Emotional Labour

Emotional labor is unpaid, often invisible, work that a person is compelled to do by others to keep them happy.

It is a term created by sociologist Arlie Hochschild meaning to “induce or suppress feeling in order to sustain the outward [support] that produces the proper state of mind in others.” It described the need for workers to regulate their emotions to satisfy their customers (and ultimately, their employers).

It shouldn’t be surprising that it is marginalized people, particularly women and femmes, who generally bear the burden of emotional labor. People demanding it are generally doing so from a place of privilege.

A less formal acronym, SSDTGU (Sh!t Someone Does That Goes Unrecognized) was coined by Khe Hy.

Emotional labor is distinct from “emotion work” or the interpersonal task (i.e., gift giving, event planning) that women often do in work and home lives, a current point of confusion.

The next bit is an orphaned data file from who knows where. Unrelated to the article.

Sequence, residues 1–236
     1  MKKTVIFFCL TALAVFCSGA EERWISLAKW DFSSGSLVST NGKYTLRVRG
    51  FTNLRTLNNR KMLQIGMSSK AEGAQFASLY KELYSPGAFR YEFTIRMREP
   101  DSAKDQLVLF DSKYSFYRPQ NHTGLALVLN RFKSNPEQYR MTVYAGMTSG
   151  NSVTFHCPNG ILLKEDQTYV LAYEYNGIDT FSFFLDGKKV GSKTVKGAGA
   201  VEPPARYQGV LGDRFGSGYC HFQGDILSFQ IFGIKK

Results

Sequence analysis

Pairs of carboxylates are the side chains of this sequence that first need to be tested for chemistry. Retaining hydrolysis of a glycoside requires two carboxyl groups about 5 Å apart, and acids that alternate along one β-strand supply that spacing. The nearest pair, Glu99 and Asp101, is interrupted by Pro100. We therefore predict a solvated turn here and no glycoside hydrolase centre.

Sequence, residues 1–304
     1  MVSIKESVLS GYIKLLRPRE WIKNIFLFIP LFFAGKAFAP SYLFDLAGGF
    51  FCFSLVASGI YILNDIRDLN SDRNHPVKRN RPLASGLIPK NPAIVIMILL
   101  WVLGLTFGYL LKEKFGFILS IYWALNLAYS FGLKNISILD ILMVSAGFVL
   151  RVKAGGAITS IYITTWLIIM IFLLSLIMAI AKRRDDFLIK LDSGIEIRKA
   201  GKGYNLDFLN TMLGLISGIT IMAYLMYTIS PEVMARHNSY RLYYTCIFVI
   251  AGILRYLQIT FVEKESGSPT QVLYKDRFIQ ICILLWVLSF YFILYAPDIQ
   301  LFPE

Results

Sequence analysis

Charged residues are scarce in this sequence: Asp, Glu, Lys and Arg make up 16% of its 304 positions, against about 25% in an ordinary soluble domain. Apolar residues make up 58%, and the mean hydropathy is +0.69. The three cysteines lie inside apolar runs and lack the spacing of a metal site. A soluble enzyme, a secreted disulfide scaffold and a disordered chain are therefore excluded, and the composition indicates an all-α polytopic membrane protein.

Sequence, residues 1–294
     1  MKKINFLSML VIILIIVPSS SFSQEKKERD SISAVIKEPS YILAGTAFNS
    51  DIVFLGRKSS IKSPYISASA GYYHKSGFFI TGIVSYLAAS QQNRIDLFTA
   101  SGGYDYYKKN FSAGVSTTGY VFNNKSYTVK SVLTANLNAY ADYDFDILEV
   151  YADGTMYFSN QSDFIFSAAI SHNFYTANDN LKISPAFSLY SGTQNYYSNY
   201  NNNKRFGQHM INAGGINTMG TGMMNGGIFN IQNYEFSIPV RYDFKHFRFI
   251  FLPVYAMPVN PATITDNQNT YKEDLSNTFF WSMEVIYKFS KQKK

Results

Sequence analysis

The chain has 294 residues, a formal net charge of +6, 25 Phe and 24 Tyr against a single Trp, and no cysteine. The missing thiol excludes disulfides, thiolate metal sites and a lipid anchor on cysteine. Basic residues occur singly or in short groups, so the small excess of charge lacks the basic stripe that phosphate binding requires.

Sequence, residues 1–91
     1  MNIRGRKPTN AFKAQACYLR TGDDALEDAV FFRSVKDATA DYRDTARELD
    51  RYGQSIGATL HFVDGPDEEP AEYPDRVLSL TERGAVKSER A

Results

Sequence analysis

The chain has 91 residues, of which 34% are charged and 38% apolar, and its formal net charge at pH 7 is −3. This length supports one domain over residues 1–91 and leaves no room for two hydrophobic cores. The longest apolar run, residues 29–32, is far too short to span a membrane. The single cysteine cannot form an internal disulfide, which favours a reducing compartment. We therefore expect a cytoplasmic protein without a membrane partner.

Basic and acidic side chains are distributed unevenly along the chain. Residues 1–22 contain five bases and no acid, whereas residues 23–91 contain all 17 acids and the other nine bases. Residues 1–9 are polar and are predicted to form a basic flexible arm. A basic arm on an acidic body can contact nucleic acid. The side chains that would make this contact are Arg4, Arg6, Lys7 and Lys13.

Fessler, Leah, An extremely clear definition of emotional labor for anyone who still doesn’t get it, Quartz. May 24, 2018

Hochschild, Arlie Russell (1983). The managed heart: commercialization of human feeling. Berkeley: University of California Press.

Hy Khe, A bro’s take on emotional labor, RadReads,

Resnick, Ariane, What Is Emotional Labor? VeryWellMind. September 20, 2021

Ricketts, R. (2021). Do Better: Spiritual Activism for Fighting and Healing from White Supremacy. Atria Books.